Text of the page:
I recently read a very insightful blog-post from a strategist.

It said that the main problem strategists had was they only lived within their bubble.

He suggested strategists needed to broaden their horizons.

So don’t just read the Guardian, try the Telegraph.

Don’t just listen to the latest rock music, try opera.

Don’t just watch tennis, try watching rugby.

As far as it goes this is great advice, the problem is it doesn’t go far enough, it stays within the middle-class bubble.

The Telegraph, opera, and rugby, are just another sort of middle class, you’ve just moved from one side of the bubble to the other.

If you really want to expand your horizons you need to get outside that bubble.

So instead of the Guardian read the Sun.

Instead of the latest rock-music, listen to Harry Champion, Bessie Smith, Cole Porter, or Grand Ol’ Oprey.

Instead of tennis or rugby, go to a football game and go the pub after with the fans.

Look beyond what you already know you don’t know.

Investigate what you DON’T know you don’t know.

Don’t just dabble, explore the world of what is sneeringly referred to as ‘gammon’.

Go to a pie & mash shop, where they’re not only a different class to you but a different age too.

Uncomfortable as it may be, try mixing with right-wing, working-class, boomers.

There are more of those consumers than there are left-wing, middle class, millennials.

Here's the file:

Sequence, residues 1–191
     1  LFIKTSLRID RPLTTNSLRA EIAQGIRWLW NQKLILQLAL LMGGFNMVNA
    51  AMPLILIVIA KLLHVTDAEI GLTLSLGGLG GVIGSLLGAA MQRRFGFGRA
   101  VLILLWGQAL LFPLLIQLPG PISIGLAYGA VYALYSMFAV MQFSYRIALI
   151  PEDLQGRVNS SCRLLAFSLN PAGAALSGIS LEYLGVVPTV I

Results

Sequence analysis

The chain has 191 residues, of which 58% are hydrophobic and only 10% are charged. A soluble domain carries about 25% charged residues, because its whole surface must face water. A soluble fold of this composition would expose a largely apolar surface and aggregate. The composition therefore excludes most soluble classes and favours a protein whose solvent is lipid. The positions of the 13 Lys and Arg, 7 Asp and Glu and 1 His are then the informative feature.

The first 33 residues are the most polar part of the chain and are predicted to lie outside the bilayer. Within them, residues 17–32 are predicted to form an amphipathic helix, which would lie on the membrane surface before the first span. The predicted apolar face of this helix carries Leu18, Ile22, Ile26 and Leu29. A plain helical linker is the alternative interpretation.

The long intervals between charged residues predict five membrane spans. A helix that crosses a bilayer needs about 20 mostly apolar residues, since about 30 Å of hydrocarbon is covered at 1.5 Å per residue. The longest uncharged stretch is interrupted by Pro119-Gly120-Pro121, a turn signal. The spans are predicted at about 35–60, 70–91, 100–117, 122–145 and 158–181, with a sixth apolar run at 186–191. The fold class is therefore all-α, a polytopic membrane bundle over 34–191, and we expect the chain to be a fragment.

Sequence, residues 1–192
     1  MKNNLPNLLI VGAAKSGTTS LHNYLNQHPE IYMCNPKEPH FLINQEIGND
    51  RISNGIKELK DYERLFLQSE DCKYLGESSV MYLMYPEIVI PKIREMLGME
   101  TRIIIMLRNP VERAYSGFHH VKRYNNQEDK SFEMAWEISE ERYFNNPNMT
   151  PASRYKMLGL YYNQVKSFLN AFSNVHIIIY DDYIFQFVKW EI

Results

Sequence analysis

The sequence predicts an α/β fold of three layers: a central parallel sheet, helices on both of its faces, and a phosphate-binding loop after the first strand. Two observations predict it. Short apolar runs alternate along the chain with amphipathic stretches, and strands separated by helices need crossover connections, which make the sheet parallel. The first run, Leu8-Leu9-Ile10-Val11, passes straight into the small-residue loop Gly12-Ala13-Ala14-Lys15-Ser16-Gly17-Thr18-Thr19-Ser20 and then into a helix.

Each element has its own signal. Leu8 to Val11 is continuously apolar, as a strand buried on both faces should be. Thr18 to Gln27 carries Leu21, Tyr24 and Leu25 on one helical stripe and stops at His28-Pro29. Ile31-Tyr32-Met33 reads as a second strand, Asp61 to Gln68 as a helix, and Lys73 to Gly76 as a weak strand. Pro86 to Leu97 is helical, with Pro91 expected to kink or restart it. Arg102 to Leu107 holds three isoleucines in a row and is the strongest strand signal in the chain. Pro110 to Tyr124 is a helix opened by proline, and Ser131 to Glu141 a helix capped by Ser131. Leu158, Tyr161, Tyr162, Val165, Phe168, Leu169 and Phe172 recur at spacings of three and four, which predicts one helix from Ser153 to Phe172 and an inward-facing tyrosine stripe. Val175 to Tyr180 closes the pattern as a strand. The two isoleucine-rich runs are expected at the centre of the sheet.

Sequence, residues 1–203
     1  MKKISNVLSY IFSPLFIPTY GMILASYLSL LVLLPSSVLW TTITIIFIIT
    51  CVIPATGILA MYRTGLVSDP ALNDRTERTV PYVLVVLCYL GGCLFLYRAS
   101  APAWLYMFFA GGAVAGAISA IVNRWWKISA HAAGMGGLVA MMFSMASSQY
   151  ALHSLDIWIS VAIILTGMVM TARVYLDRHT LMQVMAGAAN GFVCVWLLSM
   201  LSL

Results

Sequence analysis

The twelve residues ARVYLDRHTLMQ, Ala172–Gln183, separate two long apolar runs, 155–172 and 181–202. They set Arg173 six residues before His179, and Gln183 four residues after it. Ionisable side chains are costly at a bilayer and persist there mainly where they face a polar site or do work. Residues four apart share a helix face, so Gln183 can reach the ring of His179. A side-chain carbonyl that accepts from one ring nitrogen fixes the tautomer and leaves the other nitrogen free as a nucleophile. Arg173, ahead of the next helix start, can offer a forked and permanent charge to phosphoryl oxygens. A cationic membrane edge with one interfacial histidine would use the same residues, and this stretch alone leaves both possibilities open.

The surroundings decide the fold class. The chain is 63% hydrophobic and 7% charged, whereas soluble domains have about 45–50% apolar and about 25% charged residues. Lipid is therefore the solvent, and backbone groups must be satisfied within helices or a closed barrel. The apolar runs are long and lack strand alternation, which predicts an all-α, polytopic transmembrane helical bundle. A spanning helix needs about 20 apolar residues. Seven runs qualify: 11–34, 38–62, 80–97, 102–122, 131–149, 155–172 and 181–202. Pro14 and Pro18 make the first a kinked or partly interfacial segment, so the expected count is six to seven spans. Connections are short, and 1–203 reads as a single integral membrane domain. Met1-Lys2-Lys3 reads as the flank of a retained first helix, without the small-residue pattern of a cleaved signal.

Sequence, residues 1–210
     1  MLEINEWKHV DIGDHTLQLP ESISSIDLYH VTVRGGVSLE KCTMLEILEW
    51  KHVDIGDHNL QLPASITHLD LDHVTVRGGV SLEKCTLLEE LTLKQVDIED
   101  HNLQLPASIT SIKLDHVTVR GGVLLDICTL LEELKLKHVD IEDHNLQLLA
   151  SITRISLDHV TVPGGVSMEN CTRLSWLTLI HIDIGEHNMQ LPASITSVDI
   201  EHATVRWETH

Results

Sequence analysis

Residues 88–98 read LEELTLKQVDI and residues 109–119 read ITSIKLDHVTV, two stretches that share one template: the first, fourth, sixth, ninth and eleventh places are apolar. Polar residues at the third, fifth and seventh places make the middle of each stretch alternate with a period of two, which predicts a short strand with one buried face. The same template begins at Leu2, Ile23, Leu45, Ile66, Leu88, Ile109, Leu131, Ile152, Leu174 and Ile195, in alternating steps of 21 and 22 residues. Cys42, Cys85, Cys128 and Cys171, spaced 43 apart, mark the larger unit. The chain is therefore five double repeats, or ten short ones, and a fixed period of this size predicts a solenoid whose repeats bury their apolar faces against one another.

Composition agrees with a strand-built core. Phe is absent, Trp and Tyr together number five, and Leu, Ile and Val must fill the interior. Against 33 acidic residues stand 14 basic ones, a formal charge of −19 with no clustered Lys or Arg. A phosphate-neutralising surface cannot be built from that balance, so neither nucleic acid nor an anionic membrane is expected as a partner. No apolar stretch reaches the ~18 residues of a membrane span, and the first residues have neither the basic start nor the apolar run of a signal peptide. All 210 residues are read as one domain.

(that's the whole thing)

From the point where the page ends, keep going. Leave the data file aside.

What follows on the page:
Experience the world outside the pre-packaged middle class life.

Here’s how it works, imo.

When my kids were small, they used to love going to the cinema.

But their favourite part wasn’t the film itself, it was choosing their sweets beforehand.

The cinema had a large ‘pick & mix’ section, a wall filled with containers of different sweets.

They got an empty paper bag and filled it with whatever sweets they wanted from whichever container, then weighed the bag and paid.

It cost the same as a pre-packaged carton of Maltesers, or Skittles, or Cadburys, but the difference was they got to make up exactly the mix they wanted.

I used to love watching my little daughter carefully choosing 3 milk bottles, and 2 jelly snakes, one coconut whirl, two fried eggs, maybe a piece of liquorice, and getting the exact colour jelly-beans she wanted.

Half of the value, half the fun, was choosing precisely what she wanted.

She could have bought a box of pre-packaged sweets for the same price, but they’d all be the same, it would have been someone else’s idea of what she should have had.

I tried to teach my kids that was how life ought to be lived: pick & mix.

Don’t get stuck on a set of rails and do what’s expected of you in order to fit in.

Of course, if you’re happy to settle for a pre-packaged life, fine, but you don’t have to.

You can make your own life up as you go, a bit of this, some of that, a couple of those.

Who cares if no one else agrees, it’ll be tailor-made to be exactly right for you.

Dave Dye told me about an advertising typographer who was in a band with David Bowie (who was then called David Jones, before he was famous).

He said Bowie/Jones didn’t really fit in with the rest of the band.

They were all listening to the current rock & roll music, but Bowie was listening to everything from Tibetan throat music,  to German brass bands, to whale-songs.

He didn’t fit in because he wasn’t listening to what was expected.

So his influences came from the world outside rock & roll, a much broader world.

The more you explore life the more options you’ve got, and the further apart those options  the greater your possibilities.

There’s a quote that everyone, especially strategists, ought to have above their desks: “The unexamined life is not worth living” – Socrates.